Neighborhood Blades

These were some of the best moments I spent with my grandfather outside of a fishing boat.


Neighborhood Blades

C. Derick Miller – Head Writer

Your Stories on Video

I’m about to enter a new era of my life. My wife has been cutting my hair since the day we got married on August 31st, 2019. Now, I have a particularly important gala to attend, and I need to make sure I look top notch while rubbing elbows with the Dallas high and mighty. It’s time to venture into the new neighborhood to scout out a new barber. Ah, the most personal of decisions since the beginning of the COVID-19 pandemic is upon me. Wish me luck!

I never was much for haircuts when I was a child, but I got one every other week regardless. Of course, it wasn’t my choice, because my grandfather got one every other week without fail. I was born in the early seventies, and he didn’t want me to resemble the remnants of the hippie movement. I wore the bowl cut and still have photographs to prove it. This wasn’t my choice either.

When I reached the age of choosing my own hairstyle, the world was knee deep in the eighty’s hair metal scene. Of course, I grew the softest, shiniest mullet any North Texas teenage girl had ever run their fingers through. I still have the photographs to prove that as well and take more pride in those pictures than the above-mentioned bowl cuts. I was also a buck tooth kid, and, by this time, I’d grown into my teeth which were large enough to make Buccee the Beaver jealous. Seriously, I’m glad I grew up in a town that didn’t have bars because I surely would’ve been employed as the full-time bottle opener! I jest…or do I? Seriously, I had big front teeth as a child.

A few months before I shipped out for the Army, I decided to cut my hair to its shortest length ever, just to get used to the shock of a military haircut. I recall walking outside in a rainstorm, feeling the precipitation atop my head for the first time in my life. It was pleasant, unusual. I decided to keep that style for nearly a decade because it was easy to maintain, and I didn’t have to spend tons of time washing it every morning to get it to do anything. Then, the divorce came.

I’m not sure why, but I always seemed to change my looks as drastically as I could after a big break up. I don’t know if it was just a symbol of moving on, or maybe I didn’t want the potential ex-wife/girlfriend to recognize me in crowds. Unfortunately, I was working for a sheriff’s department, and they wouldn’t let me have the hairstyle I genuinely wanted. It was either military style hair of bust yet again. I guess some old man somewhere thought it looked more professional. Too bad a hairstyle doesn’t determine someone’s ethics, right? Silly, silly traditions if you ask me.

After my law enforcement career came to an abrupt halt, I started growing my hair out yet again! This time, all one length to the middle of my back like the rock stars I idolized during my teenage years! Unfortunately, I was traveling a lot at the time, and it became too much of a hassle to deal with in hotels or while sleeping in a vehicle during long drives. It looked horrendous if I didn’t wash it every morning and I was tired of my clients looking upon me as though I was some type of disgusting monster. I guess my original mission was accomplished, however. I grew my hair the exact way I’d always wanted it before my father’s baldness caught up with me. I cut it all off again to a more professional length. That’s when I noticed my genetics taking over near the crown of my head.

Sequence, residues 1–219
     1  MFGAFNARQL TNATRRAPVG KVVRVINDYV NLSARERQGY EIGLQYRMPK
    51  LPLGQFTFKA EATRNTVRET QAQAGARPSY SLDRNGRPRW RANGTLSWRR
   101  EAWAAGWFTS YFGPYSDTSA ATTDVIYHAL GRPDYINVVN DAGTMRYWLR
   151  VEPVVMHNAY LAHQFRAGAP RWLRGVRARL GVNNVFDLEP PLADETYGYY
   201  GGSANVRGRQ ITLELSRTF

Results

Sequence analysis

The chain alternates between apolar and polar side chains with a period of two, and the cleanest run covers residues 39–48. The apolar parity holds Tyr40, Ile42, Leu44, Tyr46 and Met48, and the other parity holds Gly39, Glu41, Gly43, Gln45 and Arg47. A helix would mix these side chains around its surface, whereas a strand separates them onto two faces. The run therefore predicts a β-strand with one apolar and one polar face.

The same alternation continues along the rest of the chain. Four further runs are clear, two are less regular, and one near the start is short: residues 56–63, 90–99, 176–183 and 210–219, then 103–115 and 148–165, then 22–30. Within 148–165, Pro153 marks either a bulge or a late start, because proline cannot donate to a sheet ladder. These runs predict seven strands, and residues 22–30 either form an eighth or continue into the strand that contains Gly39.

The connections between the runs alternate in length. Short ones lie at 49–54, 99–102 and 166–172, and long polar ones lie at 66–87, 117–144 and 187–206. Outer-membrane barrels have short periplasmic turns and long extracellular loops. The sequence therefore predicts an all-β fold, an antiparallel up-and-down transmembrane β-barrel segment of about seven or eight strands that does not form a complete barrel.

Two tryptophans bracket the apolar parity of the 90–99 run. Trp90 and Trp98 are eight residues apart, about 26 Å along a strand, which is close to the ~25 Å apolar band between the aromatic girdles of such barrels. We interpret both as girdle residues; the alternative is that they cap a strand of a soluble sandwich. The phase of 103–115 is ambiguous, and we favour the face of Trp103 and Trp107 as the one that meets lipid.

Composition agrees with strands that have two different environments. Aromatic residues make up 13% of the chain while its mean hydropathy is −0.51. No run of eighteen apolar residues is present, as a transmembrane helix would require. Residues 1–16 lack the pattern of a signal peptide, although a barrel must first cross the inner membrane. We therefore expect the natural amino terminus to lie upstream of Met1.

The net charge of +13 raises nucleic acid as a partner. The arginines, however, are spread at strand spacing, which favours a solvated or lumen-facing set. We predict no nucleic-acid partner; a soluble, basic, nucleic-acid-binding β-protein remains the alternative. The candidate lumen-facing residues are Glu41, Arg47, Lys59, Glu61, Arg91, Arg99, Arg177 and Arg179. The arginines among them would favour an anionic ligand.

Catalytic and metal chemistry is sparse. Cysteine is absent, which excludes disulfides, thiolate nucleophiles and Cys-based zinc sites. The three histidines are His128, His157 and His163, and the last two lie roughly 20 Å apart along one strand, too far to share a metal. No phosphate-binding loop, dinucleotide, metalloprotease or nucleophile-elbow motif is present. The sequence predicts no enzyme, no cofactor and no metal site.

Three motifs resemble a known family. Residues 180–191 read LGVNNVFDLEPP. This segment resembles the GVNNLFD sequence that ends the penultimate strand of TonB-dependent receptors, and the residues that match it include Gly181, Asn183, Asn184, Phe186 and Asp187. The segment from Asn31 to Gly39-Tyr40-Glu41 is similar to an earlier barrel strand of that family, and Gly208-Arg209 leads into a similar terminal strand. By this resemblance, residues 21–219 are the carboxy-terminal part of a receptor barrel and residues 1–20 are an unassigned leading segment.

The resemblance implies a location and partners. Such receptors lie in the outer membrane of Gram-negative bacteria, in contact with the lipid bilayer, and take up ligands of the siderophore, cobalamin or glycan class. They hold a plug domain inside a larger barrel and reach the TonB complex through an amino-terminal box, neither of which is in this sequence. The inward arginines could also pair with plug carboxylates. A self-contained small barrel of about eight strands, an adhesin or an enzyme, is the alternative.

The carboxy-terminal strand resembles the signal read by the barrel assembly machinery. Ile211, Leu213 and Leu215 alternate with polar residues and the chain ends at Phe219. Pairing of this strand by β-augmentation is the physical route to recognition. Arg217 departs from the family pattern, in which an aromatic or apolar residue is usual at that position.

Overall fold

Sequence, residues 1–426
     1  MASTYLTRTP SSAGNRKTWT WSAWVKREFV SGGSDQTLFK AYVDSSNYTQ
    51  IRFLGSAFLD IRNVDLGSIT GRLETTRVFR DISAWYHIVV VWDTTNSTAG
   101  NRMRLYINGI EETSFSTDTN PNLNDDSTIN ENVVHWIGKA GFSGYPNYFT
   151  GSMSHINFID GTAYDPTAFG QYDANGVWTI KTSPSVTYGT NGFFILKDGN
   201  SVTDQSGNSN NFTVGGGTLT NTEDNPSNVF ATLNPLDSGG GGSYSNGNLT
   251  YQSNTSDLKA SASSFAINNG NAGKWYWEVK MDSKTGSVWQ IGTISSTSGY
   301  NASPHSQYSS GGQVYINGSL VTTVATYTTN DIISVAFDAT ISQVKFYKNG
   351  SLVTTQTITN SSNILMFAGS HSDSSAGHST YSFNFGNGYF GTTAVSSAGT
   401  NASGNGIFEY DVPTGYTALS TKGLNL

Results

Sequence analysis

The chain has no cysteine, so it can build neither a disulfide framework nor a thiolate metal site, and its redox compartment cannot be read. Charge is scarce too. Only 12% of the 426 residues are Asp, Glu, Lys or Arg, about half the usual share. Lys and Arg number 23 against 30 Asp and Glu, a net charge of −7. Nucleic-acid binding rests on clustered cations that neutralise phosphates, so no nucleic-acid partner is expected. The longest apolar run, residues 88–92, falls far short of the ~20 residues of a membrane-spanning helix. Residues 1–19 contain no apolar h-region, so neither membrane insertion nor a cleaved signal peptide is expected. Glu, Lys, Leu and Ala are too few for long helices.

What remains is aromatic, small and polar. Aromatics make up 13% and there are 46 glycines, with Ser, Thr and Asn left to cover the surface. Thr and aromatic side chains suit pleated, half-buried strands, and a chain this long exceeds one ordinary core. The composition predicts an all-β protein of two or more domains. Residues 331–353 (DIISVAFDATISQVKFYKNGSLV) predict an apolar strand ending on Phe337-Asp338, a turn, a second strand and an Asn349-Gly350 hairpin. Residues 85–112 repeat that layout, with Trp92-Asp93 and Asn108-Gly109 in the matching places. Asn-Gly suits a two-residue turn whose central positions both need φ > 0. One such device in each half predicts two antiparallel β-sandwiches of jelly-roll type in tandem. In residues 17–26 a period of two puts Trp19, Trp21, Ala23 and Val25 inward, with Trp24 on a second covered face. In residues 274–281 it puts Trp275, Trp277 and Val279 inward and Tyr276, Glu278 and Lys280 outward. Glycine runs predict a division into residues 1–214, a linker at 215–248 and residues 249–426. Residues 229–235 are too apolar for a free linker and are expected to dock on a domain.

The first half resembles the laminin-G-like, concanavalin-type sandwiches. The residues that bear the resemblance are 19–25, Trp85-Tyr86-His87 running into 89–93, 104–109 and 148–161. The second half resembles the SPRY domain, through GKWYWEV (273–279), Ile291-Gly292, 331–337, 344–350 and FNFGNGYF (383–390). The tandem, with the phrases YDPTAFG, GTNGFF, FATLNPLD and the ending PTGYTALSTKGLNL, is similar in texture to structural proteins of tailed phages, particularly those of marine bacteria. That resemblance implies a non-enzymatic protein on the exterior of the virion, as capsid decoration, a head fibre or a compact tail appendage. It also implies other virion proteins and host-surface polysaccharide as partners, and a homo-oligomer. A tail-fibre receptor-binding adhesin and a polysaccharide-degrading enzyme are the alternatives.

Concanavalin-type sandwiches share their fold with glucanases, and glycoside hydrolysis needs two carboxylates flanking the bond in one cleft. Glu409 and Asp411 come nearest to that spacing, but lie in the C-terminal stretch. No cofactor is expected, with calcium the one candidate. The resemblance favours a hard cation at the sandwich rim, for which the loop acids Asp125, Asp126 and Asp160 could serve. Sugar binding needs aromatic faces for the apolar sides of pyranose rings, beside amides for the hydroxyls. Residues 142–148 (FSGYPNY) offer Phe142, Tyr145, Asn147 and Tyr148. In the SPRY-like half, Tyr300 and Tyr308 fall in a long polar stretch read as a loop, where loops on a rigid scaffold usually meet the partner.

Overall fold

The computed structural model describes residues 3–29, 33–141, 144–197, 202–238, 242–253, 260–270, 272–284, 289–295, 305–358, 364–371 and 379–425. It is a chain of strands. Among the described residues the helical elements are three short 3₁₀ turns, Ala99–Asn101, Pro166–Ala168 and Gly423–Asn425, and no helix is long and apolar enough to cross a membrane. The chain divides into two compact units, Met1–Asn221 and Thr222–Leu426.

Yes, the thinning had begun, and all I wanted to do was cry like a child with a skinned knee. My logic, as ignorant as it was, convinced me I’d rather be completely bald instead of exhibiting a “bald spot” for all the world to see. I instructed my wife to grab the clippers and take it all away for good! I grew a long, salt and pepper colored beard to counteract the loss of hair. Honestly, I resembled a modern-day biker without a bike but I could live with that. Of course, as with every other style I’ve had in my life, things changed again. The dreadful thing? I was running out of style options.

My wife landed a new corporate GM job and no longer has time to cut my hair. She says she does, but I wouldn’t dare put that responsibility on her with all the things she already has to do on a daily basis. What kind of a trash husband would I be if I went around whining about my hair to an exhausted woman who outweighs me in salary? I’d be a homeless husband, that’s who I’d be!

So…here I sit, shaggy headed and looking for a new local barber in my neighborhood. I’ve found one within walking distance (which is the way I prefer most things in life as a means to fulfill the New York City fantasy I’ll never live) who specializes in straight razor shaves and even gives you a beer from a local brewery while you wait! This, my friends, sounds like the barber shop I never knew I wanted, and I can’t wait for them to do whatever it is they want to do with my hair and face! After all, they’re the professionals. No one tells me how to author books so I shouldn’t tell them how to make me look good, right? It’s like gambling, in a way. Here’s my head. Create.

Do you have any memorable moments from your neighborhood barber/beauty shop growing up? Was it somewhere you went traditionally with one of your parents or did you go there alone? Is there any particular barber/beautician you used repeatedly who offered you life changing advice that you still abide by today? Here at Your Stories on Video, we want to know! Sure, to some, this may seem like a rather mundane request for memories but, to me, these were some of the best moments I spent with my grandfather outside of a fishing boat. It was almost worth the elementary school shunning due to my bowl cut!

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